Wellingborough BC4652
Wolverhampton MBC1,023,3551,036,552
Wycombe District C2,1952,329

London Authorities:

Barking41,91940,508
Barnet183,870202,842
Brent1,407,8471,645,671
Camden34,06211,137
Croydon264,213269,073
Ealing1,267,6441,305,079
Enfield99,904104,020
Greenwich19,71121,628
Hackney13,73713,397
Hammersmith39,00138,294
Haringey827,644976,155
Harrow97,588101,374
Hillingdon71,06882,223
Hounslow176,111187,574
ILEA5,911,4685,939,861
Islington12,52831,739
Kensington and Chelsea29,16232,423
Lambeth10,3209,322
Lewisham41,56837,435
Merton82,54882,549
Newham490,986517,991
Redbridge141,626170,226
Southwark61,225
Tower Hamlets40,112
Waltham Forest572,734574,448
Wandsworth34,53542,878
Westminster13,0247,052
GLC3,655
25,004,98726,500,577

These amounts are based on estimates of expenditure provided by the authorities concerned and are subject to adjustment in the light of returns of actual expenditure incurred.

Offenders (Reconviction Rates)

asked the Secretary of State for the Home Department what research findings there are on the reconviction rates of offenders who have received attendance centre sentences.

There were two early studies of the reconviction rates of boys given attendance centre orders in the late 1950s and early 1960s and the report of the Advisory Council on the Penal System on "non-Custodial and Semi-Custodial Penalties" gave reconviction data on youths passing through the senior attendance centres in 1962 to 1965. The most recent information on reconviction rates relates to offenders given senior attendance centre orders in 1973. This was published in chapter 10 of "Prison Statistics, England and Wales 1977" (Cmnd. 7286). Some information about reconviction rates for offenders given attendance centre orders in January 1971 will be included in chapter 3 of "Previous Convictions, Sentence and Reconviction", No. 53 in the Home Office "Research Studies", which is due to be published in December.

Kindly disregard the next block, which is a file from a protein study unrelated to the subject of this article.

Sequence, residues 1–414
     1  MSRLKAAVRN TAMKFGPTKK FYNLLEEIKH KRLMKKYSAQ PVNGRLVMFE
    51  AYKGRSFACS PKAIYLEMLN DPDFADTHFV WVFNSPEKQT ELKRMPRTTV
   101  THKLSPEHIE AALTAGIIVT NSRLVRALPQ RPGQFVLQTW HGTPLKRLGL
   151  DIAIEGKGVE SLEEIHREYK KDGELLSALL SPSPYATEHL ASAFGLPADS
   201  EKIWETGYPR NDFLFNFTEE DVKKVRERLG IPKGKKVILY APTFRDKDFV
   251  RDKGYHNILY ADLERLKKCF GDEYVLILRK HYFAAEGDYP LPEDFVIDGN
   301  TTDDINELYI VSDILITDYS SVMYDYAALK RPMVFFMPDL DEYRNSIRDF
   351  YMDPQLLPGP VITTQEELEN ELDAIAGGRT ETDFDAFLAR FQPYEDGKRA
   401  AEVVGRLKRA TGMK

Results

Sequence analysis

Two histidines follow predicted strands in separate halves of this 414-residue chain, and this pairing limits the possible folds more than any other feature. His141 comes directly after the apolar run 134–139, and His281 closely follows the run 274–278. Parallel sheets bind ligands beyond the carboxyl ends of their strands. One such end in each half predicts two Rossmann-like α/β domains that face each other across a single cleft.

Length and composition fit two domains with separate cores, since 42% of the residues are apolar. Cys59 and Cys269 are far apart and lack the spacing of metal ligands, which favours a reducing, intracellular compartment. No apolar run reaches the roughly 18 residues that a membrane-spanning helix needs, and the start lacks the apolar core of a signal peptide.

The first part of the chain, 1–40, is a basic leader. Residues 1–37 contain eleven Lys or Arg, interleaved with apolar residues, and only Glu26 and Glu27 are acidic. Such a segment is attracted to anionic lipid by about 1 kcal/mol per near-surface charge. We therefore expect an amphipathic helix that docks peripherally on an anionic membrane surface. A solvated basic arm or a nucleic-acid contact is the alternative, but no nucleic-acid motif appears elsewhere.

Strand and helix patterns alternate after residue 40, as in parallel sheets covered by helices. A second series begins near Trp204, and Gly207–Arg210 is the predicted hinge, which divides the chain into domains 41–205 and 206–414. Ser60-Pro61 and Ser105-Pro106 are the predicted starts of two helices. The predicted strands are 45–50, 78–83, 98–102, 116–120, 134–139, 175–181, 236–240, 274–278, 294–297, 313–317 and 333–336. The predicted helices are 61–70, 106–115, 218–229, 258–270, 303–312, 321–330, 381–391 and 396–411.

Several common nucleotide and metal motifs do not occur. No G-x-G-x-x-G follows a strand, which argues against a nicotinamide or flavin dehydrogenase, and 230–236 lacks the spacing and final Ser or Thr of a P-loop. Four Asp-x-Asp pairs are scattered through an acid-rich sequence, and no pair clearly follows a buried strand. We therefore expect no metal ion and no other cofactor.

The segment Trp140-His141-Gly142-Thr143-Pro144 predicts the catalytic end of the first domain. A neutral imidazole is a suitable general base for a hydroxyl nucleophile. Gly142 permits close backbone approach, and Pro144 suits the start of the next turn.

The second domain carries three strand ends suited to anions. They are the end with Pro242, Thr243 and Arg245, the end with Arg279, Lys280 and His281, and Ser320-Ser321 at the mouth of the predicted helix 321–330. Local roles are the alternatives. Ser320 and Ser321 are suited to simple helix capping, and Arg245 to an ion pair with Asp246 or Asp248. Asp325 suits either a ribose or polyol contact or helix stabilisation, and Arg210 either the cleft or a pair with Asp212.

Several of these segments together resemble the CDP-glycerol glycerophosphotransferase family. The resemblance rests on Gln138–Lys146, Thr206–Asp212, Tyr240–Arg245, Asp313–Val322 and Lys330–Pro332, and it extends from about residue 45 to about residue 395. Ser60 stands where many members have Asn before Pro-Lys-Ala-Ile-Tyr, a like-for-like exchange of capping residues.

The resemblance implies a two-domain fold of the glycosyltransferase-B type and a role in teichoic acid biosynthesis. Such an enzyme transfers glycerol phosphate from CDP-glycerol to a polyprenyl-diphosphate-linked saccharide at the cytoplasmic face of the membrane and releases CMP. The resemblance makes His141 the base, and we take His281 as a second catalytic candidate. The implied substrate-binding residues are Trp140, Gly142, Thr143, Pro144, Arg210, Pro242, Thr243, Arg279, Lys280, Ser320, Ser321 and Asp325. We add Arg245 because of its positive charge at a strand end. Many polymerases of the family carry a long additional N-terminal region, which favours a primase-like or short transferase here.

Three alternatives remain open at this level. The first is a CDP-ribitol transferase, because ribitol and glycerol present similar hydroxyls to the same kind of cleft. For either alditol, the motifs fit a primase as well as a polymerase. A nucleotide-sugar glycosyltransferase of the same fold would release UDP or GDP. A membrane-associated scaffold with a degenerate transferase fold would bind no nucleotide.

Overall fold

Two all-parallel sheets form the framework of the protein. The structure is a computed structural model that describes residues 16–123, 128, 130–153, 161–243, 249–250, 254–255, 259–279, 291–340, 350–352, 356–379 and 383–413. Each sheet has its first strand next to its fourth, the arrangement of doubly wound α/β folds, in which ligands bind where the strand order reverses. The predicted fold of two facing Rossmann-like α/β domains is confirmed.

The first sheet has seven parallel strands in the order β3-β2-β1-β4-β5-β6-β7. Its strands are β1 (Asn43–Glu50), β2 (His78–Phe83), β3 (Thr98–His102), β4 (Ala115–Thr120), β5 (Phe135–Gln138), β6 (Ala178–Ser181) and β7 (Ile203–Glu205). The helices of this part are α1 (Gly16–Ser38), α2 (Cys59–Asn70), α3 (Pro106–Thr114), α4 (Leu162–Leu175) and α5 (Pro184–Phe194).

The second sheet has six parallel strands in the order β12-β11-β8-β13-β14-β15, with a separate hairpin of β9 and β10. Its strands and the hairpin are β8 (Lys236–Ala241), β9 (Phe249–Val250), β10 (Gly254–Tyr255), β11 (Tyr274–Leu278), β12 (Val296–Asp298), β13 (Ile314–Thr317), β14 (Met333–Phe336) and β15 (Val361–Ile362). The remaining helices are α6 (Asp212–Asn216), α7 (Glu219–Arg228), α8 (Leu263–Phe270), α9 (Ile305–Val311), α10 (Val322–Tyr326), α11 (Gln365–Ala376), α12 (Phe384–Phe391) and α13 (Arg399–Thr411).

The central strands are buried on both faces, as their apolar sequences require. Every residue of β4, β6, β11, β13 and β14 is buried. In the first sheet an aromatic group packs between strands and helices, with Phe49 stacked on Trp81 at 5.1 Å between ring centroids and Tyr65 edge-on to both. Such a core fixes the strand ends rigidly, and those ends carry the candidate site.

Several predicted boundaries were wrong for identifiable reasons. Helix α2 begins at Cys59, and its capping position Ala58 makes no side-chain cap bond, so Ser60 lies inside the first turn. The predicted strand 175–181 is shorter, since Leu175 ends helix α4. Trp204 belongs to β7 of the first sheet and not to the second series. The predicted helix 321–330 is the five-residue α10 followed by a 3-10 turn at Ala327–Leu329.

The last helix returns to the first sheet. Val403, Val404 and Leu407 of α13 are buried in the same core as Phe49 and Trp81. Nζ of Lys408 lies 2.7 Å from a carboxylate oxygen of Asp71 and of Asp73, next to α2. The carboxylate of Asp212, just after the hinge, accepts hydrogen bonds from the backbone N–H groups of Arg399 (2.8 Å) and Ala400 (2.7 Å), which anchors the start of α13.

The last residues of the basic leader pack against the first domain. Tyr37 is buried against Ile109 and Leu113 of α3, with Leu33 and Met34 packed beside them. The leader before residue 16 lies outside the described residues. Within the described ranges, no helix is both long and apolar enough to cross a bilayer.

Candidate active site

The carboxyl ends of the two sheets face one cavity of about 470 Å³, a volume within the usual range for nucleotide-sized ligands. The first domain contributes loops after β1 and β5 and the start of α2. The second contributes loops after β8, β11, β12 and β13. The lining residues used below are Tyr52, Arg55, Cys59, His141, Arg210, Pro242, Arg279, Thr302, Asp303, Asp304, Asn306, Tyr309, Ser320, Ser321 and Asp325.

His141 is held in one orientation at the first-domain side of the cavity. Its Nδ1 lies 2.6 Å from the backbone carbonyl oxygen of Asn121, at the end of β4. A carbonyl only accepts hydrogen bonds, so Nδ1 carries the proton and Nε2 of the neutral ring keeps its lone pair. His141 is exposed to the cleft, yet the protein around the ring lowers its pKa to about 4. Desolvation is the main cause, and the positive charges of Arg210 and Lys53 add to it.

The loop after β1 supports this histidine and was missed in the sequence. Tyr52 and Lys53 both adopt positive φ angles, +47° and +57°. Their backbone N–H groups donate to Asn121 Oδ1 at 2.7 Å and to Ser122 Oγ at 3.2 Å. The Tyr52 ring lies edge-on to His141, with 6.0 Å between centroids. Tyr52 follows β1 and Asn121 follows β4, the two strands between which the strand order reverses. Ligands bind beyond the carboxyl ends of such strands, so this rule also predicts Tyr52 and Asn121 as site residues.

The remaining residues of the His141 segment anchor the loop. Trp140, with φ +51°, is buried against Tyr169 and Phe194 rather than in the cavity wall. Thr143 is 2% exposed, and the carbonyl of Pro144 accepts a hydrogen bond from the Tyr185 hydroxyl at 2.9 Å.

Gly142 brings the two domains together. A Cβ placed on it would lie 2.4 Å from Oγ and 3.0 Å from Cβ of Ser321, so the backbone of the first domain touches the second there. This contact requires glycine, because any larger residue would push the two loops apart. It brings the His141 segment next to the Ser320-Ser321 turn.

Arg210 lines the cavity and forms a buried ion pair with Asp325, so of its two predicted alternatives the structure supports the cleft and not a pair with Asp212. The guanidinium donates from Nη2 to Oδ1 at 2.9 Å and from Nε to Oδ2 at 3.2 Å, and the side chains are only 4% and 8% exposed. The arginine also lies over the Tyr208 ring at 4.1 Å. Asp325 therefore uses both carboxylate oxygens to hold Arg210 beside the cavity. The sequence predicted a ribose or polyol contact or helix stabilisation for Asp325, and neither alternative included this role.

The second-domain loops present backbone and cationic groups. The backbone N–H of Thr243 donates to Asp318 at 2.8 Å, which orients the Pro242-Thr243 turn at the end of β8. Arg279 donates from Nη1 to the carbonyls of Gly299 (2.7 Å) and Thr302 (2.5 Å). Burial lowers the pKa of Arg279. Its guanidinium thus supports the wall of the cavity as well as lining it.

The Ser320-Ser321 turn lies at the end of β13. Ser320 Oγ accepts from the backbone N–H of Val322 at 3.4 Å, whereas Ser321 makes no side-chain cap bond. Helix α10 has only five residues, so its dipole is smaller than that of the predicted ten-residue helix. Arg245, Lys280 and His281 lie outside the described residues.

Walsall (Boundary Changes)

asked the Secretary of State for the Home Department when he will be signing the order for the ward boundary changes in the borough of Walsall.

PERSONS SERVING SENTENCES IN DEFAULT OF PAYMENT OF A FINE, THOSE COMMITTED FOR NON-PAYMENT OF MAINTENANCE AND THOSE HELD UNDER THE IMMIGRATION ACT 1971 IN PRISON DEPARTMENT ESTABLISHMENTS IN ENGLAND AND WALES ON 30 JUNE 1979
Number of persons
Type of prisonerAdultYoung PrisonersTotal
Prisoners under sentence—Fine defaulters744180924
Aged 21 and overAged under 21